King Crimson’s 80s albums get vinyl reissues: Steven Wilson and Robert Fripp mixes for Discipline, Beat and Three Of A Perfect Pair: King Crimson’s 80s output is to be released on 200g super-heavyweight vinyl for the very first time through Panegyric Records on October 28. Discipline (1981), Beat (1982) and Three Of A Perfect Pair (1984) featured the Robert Fripp, Bill Bruford, Adrian Belew and Tony Levin line-up adding a stylistic update to the band’s sound, incorporating rock with electronica, funk, pure pop, modern avant-garde, and a complex variety of musical textures and influences. All three albums were reissued as part of the band’s 40th anniversary reissue campaign on CD but now will be released on 200g super-heavyweight vinyl featuring the 40th anniversary stereo mixes from Steven Wilson and Robert Fripp. The LPs have all been mastered by Jason Mitchell at Loud Mastering from original studio masters.

Portland, ME | Vinyl suggestions to educate, entertain: Here are some ideas from Bull Moose on albums that will entertain — and might even educate. Well, that summer went by fast. Now we’re a week into September, school is back in session, and Chris Brown and Mick Werkhoven from Bull Moose joined us on 207 with some music suggestions on how to make the transition to class a little easier. Here are their talking points, with recommendations for several different subjects. History: Sabaton – The Last Stand First period will be History taught to you by Swedish Power Metal band Sabaton. Their specialty is writing ballads and riffs about important moments in military history over the years, and their album ‘The Last Stand’ documents courageous battles where one side, well, made their last time. Think the 300 Spartans or the Satsuma Samurai Rebellion. But Sabaton does more than just play instruments! They have a companion YouTube channel where a historian explains the actual events which inspired the songs.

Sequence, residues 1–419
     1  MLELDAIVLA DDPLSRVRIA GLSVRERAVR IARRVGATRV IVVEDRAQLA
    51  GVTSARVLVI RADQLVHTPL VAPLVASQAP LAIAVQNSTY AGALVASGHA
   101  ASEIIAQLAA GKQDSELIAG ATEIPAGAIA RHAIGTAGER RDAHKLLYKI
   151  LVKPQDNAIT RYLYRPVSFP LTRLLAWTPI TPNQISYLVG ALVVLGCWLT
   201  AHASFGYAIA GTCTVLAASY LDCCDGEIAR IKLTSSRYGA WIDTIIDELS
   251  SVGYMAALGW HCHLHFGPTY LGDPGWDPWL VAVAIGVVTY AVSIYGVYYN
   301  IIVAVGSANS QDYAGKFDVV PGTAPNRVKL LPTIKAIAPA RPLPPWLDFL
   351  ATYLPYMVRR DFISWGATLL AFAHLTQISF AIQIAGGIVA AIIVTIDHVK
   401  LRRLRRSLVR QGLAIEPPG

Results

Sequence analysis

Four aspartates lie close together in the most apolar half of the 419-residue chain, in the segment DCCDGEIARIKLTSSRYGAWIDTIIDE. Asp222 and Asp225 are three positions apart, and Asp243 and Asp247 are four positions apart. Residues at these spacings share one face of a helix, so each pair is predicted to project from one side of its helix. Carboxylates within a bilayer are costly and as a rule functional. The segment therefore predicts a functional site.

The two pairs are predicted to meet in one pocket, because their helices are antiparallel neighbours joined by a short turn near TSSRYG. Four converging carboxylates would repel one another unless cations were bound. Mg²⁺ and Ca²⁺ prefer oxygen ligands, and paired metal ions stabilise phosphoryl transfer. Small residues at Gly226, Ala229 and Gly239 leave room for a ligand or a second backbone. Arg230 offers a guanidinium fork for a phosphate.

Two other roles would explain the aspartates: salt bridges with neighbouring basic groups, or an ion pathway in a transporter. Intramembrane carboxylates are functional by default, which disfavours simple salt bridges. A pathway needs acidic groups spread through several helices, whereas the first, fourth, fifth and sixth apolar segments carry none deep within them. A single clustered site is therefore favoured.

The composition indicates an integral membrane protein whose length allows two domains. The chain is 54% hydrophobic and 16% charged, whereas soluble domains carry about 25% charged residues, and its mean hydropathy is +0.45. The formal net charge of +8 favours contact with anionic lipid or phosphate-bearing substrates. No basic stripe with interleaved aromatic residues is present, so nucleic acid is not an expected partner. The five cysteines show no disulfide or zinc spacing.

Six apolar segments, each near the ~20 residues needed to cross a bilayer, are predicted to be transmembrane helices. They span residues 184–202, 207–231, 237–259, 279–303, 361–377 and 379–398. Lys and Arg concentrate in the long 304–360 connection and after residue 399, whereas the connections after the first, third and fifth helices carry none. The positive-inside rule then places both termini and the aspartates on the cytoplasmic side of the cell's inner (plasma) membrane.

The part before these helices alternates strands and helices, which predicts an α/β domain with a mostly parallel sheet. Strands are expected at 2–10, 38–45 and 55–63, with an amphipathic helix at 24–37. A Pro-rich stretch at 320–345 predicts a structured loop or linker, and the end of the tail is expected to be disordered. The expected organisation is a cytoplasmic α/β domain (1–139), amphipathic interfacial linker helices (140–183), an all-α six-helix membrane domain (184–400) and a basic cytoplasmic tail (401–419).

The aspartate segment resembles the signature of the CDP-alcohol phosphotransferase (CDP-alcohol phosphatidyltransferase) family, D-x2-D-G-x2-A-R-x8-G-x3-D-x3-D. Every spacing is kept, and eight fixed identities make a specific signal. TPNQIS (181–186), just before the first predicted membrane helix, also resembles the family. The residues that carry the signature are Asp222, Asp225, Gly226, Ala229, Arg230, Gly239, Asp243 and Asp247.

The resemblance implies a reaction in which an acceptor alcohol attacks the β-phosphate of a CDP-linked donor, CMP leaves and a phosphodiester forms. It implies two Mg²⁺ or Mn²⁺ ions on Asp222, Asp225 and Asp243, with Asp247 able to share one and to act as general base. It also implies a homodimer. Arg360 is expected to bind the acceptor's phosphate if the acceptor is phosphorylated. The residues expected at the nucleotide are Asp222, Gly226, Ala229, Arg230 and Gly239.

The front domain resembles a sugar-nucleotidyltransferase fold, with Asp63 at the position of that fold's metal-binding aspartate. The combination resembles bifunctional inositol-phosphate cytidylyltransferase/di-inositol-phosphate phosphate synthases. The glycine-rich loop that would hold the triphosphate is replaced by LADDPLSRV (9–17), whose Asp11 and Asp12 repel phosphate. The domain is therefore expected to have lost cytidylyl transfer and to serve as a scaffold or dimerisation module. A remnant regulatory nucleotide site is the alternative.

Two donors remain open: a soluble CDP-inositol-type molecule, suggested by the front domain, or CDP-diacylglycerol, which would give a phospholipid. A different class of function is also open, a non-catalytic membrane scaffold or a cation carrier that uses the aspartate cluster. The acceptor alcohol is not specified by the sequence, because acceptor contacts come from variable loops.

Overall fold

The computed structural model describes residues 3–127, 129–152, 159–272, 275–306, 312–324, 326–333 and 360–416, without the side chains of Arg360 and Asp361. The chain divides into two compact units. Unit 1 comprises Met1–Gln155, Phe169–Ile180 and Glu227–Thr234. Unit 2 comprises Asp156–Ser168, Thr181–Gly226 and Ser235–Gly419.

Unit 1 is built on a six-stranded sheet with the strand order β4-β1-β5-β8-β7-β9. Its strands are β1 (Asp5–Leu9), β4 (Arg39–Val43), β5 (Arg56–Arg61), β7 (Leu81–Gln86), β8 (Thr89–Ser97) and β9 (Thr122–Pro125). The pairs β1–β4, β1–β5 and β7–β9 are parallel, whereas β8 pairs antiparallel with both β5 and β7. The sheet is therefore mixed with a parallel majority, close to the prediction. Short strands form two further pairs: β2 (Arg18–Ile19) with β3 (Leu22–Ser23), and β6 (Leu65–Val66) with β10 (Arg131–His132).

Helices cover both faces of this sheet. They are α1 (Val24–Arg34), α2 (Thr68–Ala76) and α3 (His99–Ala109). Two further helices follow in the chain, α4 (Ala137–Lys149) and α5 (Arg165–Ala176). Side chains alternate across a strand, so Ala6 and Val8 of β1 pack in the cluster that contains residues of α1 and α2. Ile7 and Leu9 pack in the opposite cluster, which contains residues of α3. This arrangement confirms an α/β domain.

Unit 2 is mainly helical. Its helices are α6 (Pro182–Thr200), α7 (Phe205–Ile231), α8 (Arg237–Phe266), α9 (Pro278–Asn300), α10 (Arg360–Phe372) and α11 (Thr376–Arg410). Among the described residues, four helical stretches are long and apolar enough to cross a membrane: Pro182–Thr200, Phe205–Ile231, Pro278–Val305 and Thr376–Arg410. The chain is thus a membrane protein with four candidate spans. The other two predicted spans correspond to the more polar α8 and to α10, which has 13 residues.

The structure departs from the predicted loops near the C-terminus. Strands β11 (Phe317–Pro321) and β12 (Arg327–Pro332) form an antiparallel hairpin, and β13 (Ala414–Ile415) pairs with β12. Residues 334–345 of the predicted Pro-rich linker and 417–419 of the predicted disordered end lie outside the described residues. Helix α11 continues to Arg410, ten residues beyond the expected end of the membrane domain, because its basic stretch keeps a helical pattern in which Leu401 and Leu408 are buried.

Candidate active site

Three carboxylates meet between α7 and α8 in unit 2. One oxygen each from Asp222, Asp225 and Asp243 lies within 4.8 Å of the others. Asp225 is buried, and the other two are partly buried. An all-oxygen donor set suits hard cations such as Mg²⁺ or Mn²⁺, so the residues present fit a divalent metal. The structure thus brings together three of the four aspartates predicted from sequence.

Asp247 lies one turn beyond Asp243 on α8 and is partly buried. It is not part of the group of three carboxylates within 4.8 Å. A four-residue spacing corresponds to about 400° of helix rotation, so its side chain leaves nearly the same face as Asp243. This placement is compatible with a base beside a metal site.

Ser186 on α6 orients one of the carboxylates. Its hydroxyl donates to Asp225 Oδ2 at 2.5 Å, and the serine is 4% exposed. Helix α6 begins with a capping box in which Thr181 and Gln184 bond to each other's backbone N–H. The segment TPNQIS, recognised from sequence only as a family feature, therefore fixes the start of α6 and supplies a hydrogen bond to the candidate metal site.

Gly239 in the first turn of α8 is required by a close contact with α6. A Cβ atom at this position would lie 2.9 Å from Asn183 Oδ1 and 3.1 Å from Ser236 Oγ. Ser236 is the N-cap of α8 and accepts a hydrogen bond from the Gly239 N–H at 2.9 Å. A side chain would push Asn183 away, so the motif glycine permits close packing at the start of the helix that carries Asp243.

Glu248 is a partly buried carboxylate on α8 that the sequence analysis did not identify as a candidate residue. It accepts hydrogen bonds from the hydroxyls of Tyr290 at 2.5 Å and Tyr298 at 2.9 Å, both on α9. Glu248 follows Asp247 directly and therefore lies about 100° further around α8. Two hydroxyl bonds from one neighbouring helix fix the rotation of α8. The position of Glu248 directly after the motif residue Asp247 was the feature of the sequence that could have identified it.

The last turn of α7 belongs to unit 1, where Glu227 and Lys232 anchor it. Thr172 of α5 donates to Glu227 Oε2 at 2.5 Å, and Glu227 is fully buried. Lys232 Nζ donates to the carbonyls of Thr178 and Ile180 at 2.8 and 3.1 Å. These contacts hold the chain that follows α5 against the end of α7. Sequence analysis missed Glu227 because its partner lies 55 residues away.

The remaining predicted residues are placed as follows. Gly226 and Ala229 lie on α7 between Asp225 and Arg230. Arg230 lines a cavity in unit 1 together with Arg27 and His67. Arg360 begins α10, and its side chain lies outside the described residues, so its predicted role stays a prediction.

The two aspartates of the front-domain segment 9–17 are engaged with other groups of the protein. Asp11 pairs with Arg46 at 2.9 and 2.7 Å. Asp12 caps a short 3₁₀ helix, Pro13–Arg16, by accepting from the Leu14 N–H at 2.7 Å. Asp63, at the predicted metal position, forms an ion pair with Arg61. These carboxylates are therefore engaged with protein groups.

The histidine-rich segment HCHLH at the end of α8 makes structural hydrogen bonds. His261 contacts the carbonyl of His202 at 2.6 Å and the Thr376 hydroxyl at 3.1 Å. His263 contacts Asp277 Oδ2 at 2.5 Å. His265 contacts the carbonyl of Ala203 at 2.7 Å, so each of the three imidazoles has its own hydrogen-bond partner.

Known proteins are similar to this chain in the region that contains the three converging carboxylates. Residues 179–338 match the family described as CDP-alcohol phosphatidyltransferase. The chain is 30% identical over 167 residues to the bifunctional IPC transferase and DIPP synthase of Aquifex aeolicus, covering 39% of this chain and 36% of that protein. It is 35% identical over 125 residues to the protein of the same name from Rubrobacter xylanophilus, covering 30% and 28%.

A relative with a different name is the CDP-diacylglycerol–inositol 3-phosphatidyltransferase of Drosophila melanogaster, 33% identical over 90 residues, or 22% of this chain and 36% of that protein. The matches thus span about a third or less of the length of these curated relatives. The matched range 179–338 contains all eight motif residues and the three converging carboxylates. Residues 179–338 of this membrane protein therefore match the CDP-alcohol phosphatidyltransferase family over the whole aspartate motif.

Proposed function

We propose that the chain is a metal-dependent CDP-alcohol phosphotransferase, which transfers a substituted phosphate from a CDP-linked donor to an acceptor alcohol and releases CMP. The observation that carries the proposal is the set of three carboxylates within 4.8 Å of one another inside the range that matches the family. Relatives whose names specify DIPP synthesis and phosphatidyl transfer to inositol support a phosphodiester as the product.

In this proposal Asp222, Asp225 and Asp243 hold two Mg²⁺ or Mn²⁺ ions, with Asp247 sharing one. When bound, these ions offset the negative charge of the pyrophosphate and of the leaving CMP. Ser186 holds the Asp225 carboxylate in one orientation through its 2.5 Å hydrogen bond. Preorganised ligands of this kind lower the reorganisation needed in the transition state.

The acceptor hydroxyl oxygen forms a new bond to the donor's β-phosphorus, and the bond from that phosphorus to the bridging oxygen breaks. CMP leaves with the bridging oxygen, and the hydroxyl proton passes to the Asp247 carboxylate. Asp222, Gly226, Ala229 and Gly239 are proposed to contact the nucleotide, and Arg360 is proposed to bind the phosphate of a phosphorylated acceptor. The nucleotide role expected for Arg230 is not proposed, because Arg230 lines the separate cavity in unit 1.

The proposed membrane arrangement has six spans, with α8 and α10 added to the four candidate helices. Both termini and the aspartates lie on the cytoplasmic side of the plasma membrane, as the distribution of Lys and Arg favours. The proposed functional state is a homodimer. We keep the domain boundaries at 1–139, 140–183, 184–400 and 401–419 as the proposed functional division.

Pro-Ject Vinyl NRS Box S3 reduces record crackle: The box removes record noise from your analogue discs – with digital technology. The idea is not new. Many companies have experimented with remedies and boxes that promise to remove the crackle from worn vinyl records. Few have succeeded. But Pro-Ject believes that the new Vinyl NRS Box S3, should remove the dust even a platewasker can’t get rid of. A dishwasher does a fine job of removing dust and dirt from the grooves, but it doesn’t repair the dents in the record, or the wear and tear that inevitably causes noisy records. The Pro-Ject Vinyl NRS Box S3 is placed between the turntable and the amplifier, and uses an advanced digital sound processing to remove the noise. The signal from the turntable is digitized in the box, with 24-bit quantization and 96 kHz sampling, and then the processor uses dual 54-bit accumulation to dampen the clicks.